more plentiful as the new pig crops, fattened on lower-priced
corn, come on the market.
As shown on the accompanying chart, prices of commodities
other than farm products and foods during 1948 were, as a
group, remarkably steady. Except for the rise around mid­
year, reflecting the third round of wage increases and higher
raw material costs, there has been little fluctuation in the
weekly index of these prices. The main sustaining factor in
this group has been metals and metal products. Demand for
nearly all types of metals is still in excess of supply, and metal
prices moved upward substantially during the year, as indi­
cated in Table I. There has been no increase in basic steel
prices since July, but charges for "extras” (special grades and
shapes of steel) were boosted substantially in recent weeks.
An increase of about 10 per cent in tin plate prices, effective
January 1, was also announced recently. Among the nonferrous
metals, lead, zinc, aluminum, mercury, and cadmium all
advanced in price during the final quarter of 1948.
The next greatest year-to-year gain was registered by the
fuel and lighting material group. The average for this group
Table I
Spot Prices of Selected Foodstuffs and Industrial Commodities
December 31, 1947— December 30, 1948
Percentage change
Comm odity

Price in dollars
December 30,

December 31,
1947 to
December 30,

Highest 1948
price to Decem­
ber 30, 1948

B arley........................
C orn...........................
B u tter........................
W heat (winter)........
H ogs...........................



-4 6
-4 2
-3 9
-2 2
-1 9
-1 0

-4 7
-4 7
-4 4
-2 6
-2 6
-2 8
-2 4

Industrial commodities
Print cloth................
C otton .......................
C opper.......................
T in ..............................
Steel scrap.................



-4 4
-1 1
+ 9
+ 11

-4 4
-1 7
- 1

Source: U. S. Bureau of Labor Statistics.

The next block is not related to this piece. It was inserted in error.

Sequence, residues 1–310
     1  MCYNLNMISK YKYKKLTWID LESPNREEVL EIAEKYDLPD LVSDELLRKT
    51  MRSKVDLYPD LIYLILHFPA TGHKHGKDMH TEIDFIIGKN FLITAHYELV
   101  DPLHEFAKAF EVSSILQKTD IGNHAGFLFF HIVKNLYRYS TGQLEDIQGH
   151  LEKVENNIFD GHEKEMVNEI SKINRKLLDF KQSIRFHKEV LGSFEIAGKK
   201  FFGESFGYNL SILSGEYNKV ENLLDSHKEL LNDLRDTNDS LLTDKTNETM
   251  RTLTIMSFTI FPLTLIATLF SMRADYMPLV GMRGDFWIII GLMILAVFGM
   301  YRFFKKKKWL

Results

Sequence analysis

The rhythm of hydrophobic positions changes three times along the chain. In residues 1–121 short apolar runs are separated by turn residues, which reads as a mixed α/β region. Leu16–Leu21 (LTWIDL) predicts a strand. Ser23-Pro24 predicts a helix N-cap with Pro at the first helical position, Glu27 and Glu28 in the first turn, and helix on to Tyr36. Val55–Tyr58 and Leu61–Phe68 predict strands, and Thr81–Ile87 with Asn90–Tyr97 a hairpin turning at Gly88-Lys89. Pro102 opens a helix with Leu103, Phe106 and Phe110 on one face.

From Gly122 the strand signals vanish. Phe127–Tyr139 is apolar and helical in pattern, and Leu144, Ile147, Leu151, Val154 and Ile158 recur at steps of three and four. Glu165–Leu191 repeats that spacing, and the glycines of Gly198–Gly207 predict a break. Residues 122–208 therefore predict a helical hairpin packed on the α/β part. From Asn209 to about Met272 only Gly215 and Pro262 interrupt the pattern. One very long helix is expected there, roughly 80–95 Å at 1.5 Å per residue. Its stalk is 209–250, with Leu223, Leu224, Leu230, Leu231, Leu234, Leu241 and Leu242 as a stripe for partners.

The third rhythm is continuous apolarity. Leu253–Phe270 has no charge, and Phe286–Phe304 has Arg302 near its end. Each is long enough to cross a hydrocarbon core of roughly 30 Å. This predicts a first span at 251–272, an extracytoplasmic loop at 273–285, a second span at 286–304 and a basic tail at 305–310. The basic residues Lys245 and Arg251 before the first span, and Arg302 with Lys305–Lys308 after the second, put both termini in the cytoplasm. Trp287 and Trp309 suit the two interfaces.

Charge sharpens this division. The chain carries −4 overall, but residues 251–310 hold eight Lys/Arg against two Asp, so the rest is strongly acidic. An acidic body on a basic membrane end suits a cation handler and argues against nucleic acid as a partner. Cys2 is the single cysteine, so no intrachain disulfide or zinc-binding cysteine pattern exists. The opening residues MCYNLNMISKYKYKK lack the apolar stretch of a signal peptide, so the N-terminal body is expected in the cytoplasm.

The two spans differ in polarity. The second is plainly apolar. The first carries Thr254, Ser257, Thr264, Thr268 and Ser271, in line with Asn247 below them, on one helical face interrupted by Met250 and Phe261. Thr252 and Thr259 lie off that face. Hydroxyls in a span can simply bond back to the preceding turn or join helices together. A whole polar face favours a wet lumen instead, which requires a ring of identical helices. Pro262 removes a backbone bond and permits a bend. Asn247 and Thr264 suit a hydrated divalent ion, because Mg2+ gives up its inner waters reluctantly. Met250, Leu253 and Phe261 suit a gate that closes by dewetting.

Table II
W eekly Wholesale Prices by Major Commodity Groups
Dec. 30,
1947 to
Dec. 28, Dec. 28,

Index, 1926 average = 100
Group totals
and selected items
Dec. 30,
All com m odities................................
Farm products..............................
L ivestock....................................
F oods..............................................
M eats............................. ............
All commodities other than farm
products and food s..................
Textile products.......................
Fuel and lighting materials. . .
Metals and metal products. ..
Building materials...................
All other.....................................
Hides and skins...................

1948 peak
D a te *



Jan .
Jan .
J u ly
J u ly



- 0 .6
-1 0 .9
-3 1 .1
-1 1 .5
- 3 .1
- 4 .1



Sept. 14
Jun e 1
Aug. 3
N ov. 2 8
Sept. 14
J an . 2 0
Jan. 2 0


+ 4 .0
- 2 .5
+ 7 .2
+ 1 4 .4
+ 4 .0
- 3 .4
-2 1 .6

* W eek first attained.
Source: U. S. Bureau of Labor Statistics.

is, however, still one of the lowest relative to the base period,
as shown in Table II. Most of the gain in fuel and lighting
material prices during 1948 occurred in the first seven months
of the year, when coal and petroleum prices rose. Since then
the index has remained quite stable, although recently reduc­
tions have been made in some prices for crude oil and petro­
leum products. The building material group was the only other
major category to show a year-to-year advance in prices, and
here too the increase was arrested in the latter part of the
year, chiefly as a result of a softening in lumber prices. Prices
of textile products, another component, have in some cases
declined very sharply; spot prices of certain cotton yarns and
fabrics are down close to, or even below, the levels prevailing
immediately before OPA controls were lifted in November
1946. Nevertheless, the textile product group as a whole had
declined only 4 per cent by the end of 1948 from its June 1
Retail prices at the end of 1948 were somewhat higher than
a year earlier, but the peak for 1948 had been reached in
August. Retail food prices declined during September, Octo­
ber, and November, and it seems likely that the decline con­
tinued into December. The sharp drops in grain prices have
not yet resulted in similar declines in grain products at the
retail level, in large part because of higher processing costs,
but prices of meat, butter, and eggs have recently reflected
the declines at wholesale of livestock and products. On the
whole, the other commodities in the BLS consumers’ price
index—apparel, housefurnishings, fuel, and miscellaneous—
continued to increase. Near the end of the year, however, the
relatively poor sales showing of department stores and other
retail outlets increased the pressure for lower-priced consum­
ers’ goods, particularly apparel. The number of promotions in
soft goods lines appears to be increasing, and special discounts
and trade-ins are reported to be more prevalent for major
appliances; such developments are ordinarily not fully reflected



in official price indexes. Lower cotton textile prices will also
be instrumental in reducing apparel prices for the coming
season. To some extent, a decline in consumers’ prices from
this direction may be offset in the next few months by the
seasonal rise in meat prices noted earlier. There have also been